Soil Resource Inventory
USDA Forest Service Pacific Northwest Region Soil Resource Inventory
The Pacific Northwest Region (Region 6) of the US Forest Service initiated its first survey of forest and rangeland soils in 1967 on the Olympic National Forest. The soil survey effort was initiated specifically in response to the Multiple Use - Sustained Yield Act of June 12, 1960 in which the Forest Service was required to manage the land “without impairment of the productivity of the land”. Understanding the nature and distribution of soils on the landscape and their suitability for different land uses and management activities was necessary to determine how best to meet this requirement (FSM 2550.1).
The resulting Soil Resource Inventory (SRI) was based on a landscape analysis considering the interaction of soils, geology, landform, climate and vegetation. Photo interpretation, field observation, sampling and measurements, laboratory analysis and research results were integrated in developing these relationships. The delineation of mapping units is based on the recognition of the relationships of land patterns and/or characteristics of the soil, geology, vegetation, climate and landforms as they are interpreted for resource use and management. A landtype represents an area of naturally occurring and identifiable land which has certain management requirements and/or interpretations. They are different from any other landtype and, therefore, have reasonable and observable differences, singly or in combination, of one or more soil, geology, landform, climate, or vegetation features or characteristics. The SRI is not limited to the traditional soil classification system of mapping that is based simply on diagnostic soil horizon criteria. Such a system is not compatible with National Forest use because it is restricted to the genetic and morphological characteristics rather than the total characteristics of land; it is not oriented to land management interpretations and is difficult for the user to understand. In contrast, the design of the SRI places its major emphasis on interpretation, behavior, and use of soil resources as related to land management activities. The mapping was done at a nominal scale of one inch to the mile (1:63,360). Note: Soil Resource Inventories are to be used at the scale of Forest Planning and need to be refined by field soil scientists for use in project planning.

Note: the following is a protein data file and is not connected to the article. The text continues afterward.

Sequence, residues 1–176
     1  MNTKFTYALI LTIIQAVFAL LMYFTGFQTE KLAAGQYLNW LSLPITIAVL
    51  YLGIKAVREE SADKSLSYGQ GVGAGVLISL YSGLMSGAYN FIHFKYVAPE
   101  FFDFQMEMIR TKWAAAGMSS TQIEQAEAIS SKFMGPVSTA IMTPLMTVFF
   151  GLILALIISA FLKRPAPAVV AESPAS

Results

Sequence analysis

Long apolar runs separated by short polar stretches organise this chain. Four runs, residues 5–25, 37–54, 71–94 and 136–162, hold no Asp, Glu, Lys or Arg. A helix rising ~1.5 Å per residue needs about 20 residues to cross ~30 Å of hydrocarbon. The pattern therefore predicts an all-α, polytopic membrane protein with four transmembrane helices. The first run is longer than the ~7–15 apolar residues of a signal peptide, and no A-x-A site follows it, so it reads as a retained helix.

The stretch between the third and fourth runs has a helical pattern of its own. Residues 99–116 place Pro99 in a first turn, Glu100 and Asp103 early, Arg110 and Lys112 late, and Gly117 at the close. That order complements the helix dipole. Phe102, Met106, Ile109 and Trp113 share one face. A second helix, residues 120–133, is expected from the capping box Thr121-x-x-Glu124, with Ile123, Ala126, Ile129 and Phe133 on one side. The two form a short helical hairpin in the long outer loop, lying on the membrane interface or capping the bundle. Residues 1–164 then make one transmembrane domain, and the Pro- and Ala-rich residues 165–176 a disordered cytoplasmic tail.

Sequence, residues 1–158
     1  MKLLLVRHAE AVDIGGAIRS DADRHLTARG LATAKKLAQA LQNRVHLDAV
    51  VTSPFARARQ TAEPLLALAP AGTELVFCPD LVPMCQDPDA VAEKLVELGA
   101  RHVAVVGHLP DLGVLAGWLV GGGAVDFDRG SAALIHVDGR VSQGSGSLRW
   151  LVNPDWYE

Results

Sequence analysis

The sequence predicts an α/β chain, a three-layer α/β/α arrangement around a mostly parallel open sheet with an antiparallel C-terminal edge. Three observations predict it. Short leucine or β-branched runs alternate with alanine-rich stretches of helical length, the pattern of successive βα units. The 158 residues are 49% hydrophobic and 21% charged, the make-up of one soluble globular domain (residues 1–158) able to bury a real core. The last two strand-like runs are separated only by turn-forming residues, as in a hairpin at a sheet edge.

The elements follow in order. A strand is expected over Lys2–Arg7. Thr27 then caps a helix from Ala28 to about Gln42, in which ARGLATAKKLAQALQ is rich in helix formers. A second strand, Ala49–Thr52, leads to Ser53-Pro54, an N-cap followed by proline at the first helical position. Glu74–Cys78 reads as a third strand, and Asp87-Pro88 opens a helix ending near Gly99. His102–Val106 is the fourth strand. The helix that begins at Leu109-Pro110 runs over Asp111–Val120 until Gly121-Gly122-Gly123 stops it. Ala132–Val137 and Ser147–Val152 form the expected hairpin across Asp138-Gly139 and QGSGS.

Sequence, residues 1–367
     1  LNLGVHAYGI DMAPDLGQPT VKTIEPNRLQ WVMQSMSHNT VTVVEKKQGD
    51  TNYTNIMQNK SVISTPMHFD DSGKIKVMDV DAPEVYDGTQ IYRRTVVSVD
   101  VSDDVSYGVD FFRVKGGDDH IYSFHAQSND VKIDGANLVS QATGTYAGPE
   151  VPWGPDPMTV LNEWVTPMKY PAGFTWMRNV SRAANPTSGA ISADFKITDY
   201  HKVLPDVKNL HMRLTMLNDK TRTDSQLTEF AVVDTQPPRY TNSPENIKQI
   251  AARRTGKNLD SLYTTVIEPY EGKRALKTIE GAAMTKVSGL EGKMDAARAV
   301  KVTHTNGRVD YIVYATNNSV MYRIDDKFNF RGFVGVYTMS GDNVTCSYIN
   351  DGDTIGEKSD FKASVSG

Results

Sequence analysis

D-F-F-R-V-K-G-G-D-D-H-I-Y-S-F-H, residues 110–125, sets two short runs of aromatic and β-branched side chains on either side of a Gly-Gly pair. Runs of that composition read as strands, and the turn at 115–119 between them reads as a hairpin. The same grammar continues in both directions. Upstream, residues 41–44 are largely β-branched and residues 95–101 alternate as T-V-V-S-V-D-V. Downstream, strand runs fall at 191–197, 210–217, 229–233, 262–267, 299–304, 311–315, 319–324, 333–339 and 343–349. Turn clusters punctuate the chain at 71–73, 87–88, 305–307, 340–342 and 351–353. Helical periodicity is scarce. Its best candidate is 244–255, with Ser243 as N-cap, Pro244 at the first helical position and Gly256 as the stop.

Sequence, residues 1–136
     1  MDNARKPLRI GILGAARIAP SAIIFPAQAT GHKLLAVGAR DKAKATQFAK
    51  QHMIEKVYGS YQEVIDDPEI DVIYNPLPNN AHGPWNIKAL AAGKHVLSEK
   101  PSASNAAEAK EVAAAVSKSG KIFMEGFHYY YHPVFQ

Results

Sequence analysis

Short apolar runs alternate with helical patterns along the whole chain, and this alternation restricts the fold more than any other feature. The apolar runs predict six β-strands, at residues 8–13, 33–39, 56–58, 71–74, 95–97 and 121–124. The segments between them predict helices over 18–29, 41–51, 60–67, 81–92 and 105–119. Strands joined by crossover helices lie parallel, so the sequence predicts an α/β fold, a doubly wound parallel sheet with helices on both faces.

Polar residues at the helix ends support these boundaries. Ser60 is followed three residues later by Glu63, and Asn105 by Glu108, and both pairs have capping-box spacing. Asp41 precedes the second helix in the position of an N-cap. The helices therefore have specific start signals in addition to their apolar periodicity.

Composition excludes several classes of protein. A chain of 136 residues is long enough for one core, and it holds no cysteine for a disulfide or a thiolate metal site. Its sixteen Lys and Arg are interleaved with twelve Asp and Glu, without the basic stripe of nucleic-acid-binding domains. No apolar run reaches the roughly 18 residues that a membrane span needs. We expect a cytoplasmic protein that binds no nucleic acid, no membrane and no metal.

About the data
Due to the fact that many Region 6 Forests do not have NRCS SSURGO surveys (at a scale of 1:24,000, these are the highest-resolution soils data generally available), Region 6 initiated a project in 2012 to bring these legacy SRI soils data into digital databases to facilitate their use in regional planning activities. The datasets available on this page are the results of that effort.
The SRI were originally compiled in 20 volumes, with the original year of publication ranging from 1969 to 1979. The Gifford-Pinchot SRI was redone following the eruption of Mt Saint Helens, and that version was published in 1992. The Olympic NF also produced two versions, the original version being published in 1969, with an update in 1982. The Colville National Forest was the only Region 6 forest that did not compile a SRI.
The data are organized into one single regional geodatabase, together with twenty individual forest-level geodatabases. The regional database contains polygons from all twenty SRIs together with a common set of attributes for the two or three soil layers delineated in the individual mapping unit descriptions, such as texture, depth, color, rock content, etc. In general, the regional database contains physical soil attributes that could be compiled more or less completely and consistently across all forests. The individual forest-level databases contain the polygons for each individual SRI, together with various tables of management interpretations and laboratory data, together with a variety of miscellaneous tables. The information contained in these forest-level databases varies widely from forest to forest, which is why they were not merged into a regional view. Full metadata are included with each database, and scans of the original SRI volumes are provided for reference as well. A Forest Service General Technical Report that fully describes the available data is currently in preparation.
The following datasets and scanned PDFs are available: